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Weekly Wrap-Up: Heat Stifles Western US; Nora Sets Record for Central Pacific Tropical Activity

This week felt like summer across much of the western U.S. despite fall being several weeks old.

Record highs were challenged from Santa Fe, New Mexico, to Sacramento, California. Downtown Los Angeles had the mercury reach 100 degrees Fahrenheit from Friday, Oct. 9 to Sunday, Oct. 11. The last time such a streak occurred was in 1989. It was also the first three-day stretch of triple-digit heat for the city in October since 1958.

Death Valley, California, set a new daily record of 107 F on Tuesday, breaking the record of 105 F established in 1971.

Heavy rain in Southern California triggered flash flooding and mudslides on Thursday, leaving motorists stranded and forcing the closure of major roadways, including Interstate 5 on the Grapevine.

The Los Angeles County Fire Department said it responded to multiple rescues due to the storms.

More than 8,700 Southern California Edison customers lost power, the utility reported Thursday evening.

A record-setting year for tropical activity in the central Pacific continued as Tropical Storm Nora roamed the waters after developing in the eastern Pacific last weekend.

Nora became the record 14th tropical system, either a storm, depression or hurricane, to enter the basin this season. The storm never reached hurricane status and weakened to a depression on Wednesday.

Two tropical cyclones spun in the western Pacific this week as Koppu became a typhoon and Champi strengthened into a tropical storm. As Koppu grew in strength, the Philippines prepared for potentially life-threatening flooding from the storm.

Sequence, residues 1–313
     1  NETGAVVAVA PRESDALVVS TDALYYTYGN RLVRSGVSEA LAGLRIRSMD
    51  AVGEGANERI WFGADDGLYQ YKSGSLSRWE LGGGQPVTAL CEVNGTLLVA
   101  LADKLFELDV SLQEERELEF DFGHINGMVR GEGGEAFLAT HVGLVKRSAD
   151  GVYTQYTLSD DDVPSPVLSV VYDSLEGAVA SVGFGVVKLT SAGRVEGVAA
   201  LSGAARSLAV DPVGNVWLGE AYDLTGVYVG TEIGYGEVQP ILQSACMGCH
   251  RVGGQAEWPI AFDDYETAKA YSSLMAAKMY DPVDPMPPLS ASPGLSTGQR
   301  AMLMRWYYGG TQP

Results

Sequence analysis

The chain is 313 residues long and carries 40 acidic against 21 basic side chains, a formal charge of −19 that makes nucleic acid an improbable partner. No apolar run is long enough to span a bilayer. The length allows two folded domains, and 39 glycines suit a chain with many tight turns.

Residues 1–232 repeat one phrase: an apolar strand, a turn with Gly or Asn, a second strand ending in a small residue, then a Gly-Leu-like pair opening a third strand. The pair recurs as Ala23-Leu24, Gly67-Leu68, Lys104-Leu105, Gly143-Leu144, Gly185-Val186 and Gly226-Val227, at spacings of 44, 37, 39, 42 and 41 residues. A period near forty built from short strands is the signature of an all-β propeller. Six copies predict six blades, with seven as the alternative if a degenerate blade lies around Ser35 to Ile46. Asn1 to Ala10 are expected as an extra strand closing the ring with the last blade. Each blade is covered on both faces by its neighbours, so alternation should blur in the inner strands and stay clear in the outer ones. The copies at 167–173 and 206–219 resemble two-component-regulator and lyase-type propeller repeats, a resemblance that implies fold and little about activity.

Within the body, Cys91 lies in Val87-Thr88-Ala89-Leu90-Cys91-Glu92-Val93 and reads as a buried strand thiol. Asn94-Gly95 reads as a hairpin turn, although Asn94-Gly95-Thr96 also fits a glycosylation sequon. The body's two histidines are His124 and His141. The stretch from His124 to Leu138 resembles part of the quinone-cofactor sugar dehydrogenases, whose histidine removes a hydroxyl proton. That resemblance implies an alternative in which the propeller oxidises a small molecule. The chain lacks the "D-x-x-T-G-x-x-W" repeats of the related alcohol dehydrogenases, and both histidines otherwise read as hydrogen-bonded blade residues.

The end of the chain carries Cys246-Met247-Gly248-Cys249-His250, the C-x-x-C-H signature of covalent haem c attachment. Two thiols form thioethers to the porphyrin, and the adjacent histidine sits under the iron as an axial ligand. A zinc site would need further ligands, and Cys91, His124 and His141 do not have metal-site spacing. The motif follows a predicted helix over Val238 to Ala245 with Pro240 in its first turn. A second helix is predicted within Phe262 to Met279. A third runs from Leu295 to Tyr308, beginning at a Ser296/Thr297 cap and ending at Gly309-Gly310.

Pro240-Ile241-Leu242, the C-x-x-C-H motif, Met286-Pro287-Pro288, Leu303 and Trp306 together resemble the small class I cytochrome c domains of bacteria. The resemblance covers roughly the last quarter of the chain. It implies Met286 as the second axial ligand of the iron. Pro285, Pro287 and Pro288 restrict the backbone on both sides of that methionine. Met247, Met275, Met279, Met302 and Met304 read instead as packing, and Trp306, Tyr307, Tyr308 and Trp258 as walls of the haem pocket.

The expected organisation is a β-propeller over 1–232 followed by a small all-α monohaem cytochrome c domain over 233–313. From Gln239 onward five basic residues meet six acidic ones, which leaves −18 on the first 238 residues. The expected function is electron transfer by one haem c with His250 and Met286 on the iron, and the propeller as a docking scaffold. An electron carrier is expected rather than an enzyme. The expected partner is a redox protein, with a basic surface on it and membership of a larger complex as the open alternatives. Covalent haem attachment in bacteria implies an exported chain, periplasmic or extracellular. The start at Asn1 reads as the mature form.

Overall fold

The city of Miami Beach experienced higher-than-normal tides late last week, which forced road closures due to flooding. The high tide rose a foot higher than the National Weather Service predicted.

"It is still unclear what caused the unusually high tides late last week since the weather was calm and the astronomical highest tides occurred during the recent supermoon, AccuWeather Meteorologist Brian Lada stated.

An enormous waterspout made its way onto land in Tampa Bay, Florida, on Sunday and tore apart a mail truck sending mail everywhere. The driver managed to escape. However, that wasn't the only notable waterspout sighting this week.

As strong thunderstorms rolled through Michigan's upper peninsula on Thursday, one nature photographer was able to capture this striking image of a waterspout on Lake Superior.

On Thursday, Texas Gov. Greg Abbott issued a state of disaster for Bastrop County, Texas, in response to the destructive Hidden Pines Fire which has been burning since Oct. 13.

The fire prompted evacuations and destroyed at least nine homes. Firefighting crews dumped over 110,000 gallons of water on the fire on Wednesday.

Wildfire Sweeps Through Bastrop County, Texas

Several AccuWeather meteorologists and staff writers contributed content to this article.

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